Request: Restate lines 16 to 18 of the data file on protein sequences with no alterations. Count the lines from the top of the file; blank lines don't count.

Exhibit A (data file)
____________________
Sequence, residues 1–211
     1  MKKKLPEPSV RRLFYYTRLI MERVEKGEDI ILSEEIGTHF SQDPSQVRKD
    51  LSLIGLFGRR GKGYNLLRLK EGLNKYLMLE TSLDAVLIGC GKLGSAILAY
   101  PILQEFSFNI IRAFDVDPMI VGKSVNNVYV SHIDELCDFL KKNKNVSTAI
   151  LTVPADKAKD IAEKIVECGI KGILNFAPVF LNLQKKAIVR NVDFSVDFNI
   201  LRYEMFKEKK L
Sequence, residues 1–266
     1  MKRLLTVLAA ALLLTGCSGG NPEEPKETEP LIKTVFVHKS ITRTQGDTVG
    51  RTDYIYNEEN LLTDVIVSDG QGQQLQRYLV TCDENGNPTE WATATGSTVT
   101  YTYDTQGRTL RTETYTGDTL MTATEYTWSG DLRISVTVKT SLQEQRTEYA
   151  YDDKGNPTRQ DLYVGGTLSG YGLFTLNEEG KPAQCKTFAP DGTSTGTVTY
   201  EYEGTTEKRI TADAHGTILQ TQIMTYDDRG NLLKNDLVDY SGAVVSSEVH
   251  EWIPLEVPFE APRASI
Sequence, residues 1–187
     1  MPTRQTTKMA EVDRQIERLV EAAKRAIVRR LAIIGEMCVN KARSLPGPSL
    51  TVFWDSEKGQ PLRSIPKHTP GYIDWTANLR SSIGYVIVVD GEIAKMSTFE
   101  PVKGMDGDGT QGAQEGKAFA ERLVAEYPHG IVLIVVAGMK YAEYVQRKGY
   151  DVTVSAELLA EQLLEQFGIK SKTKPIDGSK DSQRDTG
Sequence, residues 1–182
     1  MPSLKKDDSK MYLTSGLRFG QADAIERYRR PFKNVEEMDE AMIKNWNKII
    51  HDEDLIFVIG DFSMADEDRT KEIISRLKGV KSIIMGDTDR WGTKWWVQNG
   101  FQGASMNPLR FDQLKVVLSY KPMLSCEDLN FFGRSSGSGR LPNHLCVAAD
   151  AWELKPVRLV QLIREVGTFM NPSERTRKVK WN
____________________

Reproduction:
    51  TVFWDSEKGQ PLRSIPKHTP GYIDWTANLR SSIGYVIVVD GEIAKMSTFE
   101  PVKGMDGDGT QGAQEGKAFA ERLVAEYPHG IVLIVVAGMK YAEYVQRKGY
   151  DVTVSAELLA EQLLEQFGIK SKTKPIDGSK DSQRDTG